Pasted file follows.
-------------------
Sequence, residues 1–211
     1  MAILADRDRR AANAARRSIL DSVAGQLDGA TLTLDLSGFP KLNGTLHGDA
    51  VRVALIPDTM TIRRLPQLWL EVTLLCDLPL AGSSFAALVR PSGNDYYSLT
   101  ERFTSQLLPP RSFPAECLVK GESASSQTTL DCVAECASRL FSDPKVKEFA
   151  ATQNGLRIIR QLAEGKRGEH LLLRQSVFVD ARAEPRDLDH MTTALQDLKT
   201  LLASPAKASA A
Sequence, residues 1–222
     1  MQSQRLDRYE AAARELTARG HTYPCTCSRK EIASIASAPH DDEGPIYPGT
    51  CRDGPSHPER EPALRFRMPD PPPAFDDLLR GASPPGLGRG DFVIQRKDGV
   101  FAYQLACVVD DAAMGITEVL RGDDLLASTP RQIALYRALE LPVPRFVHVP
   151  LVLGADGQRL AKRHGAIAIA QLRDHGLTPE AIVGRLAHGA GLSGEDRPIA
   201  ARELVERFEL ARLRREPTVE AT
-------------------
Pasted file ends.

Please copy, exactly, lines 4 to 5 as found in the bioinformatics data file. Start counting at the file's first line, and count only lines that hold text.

   101  ERFTSQLLPP RSFPAECLVK GESASSQTTL DCVAECASRL FSDPKVKEFA
   151  ATQNGLRIIR QLAEGKRGEH LLLRQSVFVD ARAEPRDLDH MTTALQDLKT